Raising money for a church is simultaneously the easiest and the hardest thing you’ll ever do. Easy, because the church automatically has a volunteer base to draw from; hard, because church volunteers have often volunteered for many years and it may be hard to introduce new ideas.
Still, the main strategy for a successful church fundraiser, or any fundraiser, is to motivate volunteers and get everyone in unity and working toward the same goal: Set a clear and tangible goal in mind that people can understand, like a new children’s playground or nursery for example, and then update the volunteers regularly on the progress.
Because church members already give on Sundays in the offering basket, they may feel “put out” if asked to give any additional money. But if you can convince them to spend some of their time instead, you could possibly get double or triple of what you would have received if you had just asked for money. There are hundreds of church fundraising ideas on the internet, but the list of possibilities is really endless. Find out what talents, gifts, and abilities church members have to offer, and motivate them to use those:
Some of the best ideas for church fundraisers include:
• Bake sale. An old standby. Volunteers bake cakes and pastries to be sold at any venue you choose.
• Community cleanup. Requires a fair amount of planning, if you’re going to solicit pledges for each pound of trash collected.
• Candle fundraisers. The latest in church fundraising. People will buy candles anyway; why not buy them for a good cause?
• 50/50 Raffle. This one is good for a last minute fundraiser: no planning required. Sell some tickets (you can even sell them at the event where the raffle will be drawn) andthen pick a winner. Winner gets 50% of the pot; the church takes the rest.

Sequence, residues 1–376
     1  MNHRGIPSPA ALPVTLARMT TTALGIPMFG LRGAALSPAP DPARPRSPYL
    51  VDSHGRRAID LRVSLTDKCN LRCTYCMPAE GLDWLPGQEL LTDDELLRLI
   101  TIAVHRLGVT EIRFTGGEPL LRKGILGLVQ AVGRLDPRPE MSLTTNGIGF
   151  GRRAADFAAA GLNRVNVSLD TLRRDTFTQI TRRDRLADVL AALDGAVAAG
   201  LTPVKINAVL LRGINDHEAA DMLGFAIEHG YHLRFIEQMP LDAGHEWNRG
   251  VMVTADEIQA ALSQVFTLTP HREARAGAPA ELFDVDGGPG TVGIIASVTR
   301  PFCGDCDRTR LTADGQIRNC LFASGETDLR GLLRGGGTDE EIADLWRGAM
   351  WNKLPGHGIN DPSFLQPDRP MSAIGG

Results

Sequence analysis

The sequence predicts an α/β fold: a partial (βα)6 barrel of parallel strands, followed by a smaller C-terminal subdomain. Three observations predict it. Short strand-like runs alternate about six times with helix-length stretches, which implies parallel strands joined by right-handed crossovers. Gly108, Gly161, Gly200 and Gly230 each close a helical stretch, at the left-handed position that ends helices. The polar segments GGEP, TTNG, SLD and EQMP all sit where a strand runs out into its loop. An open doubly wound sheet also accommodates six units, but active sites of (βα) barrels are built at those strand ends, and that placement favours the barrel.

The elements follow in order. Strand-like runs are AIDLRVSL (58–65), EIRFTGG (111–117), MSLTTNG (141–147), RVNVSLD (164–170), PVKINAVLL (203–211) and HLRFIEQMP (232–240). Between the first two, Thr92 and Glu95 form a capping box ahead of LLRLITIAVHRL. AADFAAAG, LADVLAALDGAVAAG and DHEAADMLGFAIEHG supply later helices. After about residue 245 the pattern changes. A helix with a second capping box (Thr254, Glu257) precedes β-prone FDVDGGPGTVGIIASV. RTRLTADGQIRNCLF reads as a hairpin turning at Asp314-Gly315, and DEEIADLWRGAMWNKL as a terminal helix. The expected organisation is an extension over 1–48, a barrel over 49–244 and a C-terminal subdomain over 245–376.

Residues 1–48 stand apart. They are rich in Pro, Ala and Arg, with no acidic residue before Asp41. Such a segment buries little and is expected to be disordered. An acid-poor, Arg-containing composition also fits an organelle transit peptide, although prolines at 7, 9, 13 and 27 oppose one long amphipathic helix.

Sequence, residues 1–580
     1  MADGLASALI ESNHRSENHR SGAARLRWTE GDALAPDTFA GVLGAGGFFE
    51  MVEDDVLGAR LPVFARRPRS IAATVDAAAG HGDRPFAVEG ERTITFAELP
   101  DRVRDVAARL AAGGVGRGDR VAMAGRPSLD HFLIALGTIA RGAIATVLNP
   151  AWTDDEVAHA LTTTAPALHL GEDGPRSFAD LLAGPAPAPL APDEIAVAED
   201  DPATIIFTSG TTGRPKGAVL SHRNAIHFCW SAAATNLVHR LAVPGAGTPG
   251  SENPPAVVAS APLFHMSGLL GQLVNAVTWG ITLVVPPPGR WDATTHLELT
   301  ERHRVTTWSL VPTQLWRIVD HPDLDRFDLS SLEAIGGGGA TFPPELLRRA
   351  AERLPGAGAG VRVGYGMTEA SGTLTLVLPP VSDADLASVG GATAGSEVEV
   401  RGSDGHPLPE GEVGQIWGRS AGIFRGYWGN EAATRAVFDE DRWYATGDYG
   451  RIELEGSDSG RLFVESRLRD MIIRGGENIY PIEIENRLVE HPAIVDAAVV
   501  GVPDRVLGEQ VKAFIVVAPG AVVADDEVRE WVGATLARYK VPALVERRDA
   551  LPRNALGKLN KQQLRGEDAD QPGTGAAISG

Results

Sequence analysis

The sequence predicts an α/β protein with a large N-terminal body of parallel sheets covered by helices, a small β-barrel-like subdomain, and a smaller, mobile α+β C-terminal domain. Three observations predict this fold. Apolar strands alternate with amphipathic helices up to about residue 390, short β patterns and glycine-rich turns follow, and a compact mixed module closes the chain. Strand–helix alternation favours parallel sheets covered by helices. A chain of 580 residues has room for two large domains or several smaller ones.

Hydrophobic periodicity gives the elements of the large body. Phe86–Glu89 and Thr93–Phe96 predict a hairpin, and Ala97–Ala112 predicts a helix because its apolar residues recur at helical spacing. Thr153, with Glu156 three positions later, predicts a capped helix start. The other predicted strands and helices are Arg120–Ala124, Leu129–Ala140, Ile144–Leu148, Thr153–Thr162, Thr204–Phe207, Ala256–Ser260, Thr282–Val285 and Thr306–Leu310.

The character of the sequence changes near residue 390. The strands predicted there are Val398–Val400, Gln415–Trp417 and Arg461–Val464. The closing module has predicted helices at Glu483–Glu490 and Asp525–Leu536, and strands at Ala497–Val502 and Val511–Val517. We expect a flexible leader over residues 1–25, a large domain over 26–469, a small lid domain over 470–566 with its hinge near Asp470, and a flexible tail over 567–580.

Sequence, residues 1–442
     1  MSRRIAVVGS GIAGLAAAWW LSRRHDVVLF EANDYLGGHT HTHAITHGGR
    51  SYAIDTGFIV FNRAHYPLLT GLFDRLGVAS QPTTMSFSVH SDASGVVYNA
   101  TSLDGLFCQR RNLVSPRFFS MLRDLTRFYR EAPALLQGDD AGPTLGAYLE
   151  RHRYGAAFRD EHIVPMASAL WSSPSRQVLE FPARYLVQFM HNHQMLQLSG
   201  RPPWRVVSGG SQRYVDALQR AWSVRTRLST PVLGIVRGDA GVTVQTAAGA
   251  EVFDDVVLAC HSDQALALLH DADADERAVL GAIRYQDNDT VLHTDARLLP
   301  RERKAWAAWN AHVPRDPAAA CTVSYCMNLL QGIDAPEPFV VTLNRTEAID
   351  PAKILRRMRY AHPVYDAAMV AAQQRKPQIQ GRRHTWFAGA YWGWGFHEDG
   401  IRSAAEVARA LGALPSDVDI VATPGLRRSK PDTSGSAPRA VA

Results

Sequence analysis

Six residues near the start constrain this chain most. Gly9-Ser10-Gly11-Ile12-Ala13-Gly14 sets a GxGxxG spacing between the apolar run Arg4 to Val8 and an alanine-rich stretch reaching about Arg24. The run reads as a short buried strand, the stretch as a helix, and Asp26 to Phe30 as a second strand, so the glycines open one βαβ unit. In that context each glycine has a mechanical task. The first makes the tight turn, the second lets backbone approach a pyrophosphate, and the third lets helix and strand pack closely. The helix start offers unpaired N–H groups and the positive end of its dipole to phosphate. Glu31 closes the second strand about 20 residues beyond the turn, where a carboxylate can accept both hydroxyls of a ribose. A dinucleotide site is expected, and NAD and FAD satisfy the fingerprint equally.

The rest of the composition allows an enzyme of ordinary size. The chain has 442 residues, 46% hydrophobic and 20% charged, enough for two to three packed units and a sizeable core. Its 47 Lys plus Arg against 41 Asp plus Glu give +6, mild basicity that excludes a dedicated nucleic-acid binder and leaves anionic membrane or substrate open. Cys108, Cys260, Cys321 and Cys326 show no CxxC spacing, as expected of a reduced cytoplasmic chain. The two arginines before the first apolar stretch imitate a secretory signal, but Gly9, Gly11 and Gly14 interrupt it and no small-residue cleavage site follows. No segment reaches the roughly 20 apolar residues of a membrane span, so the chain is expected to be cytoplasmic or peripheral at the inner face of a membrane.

• Car wash. A regular Saturday car wash for donations or a fixed amount can raise several hundred dollars a week.
• Church carnival. Lots and lots of planning here, but if you can pull it off, everyone will be chomping at the bit to do it again next year.
• Scratch cards. The upside to this method is that there is no product to be delivered, like pizza, or candles, for example.
• Yard sale/Garage sale. Most suburban churches are filled with people whose garages are full of junk they never use. Tell ’em to bring it to church (or you’ll pick it up) and sell it.
• Cookie Dough. Who doesn’t love just thinking about fresh cookie dough? M & M’s and Reese’s Peanut Butter Cup and Oreo Cookie flavored cookie dough, oh my…
• Pizza. You can do this one of two ways: order in bulk and sell by the slice at a 100% markup, or using do-it-yourself kits where the group takes orders in advance, then delivers the goods at a later date.
• Order taker brochure fundraising. Selling things from brochures provided for free can have fabulous returns.
Whatever you do, make having fun a priority, so that they’ll be willing to sign up again next time.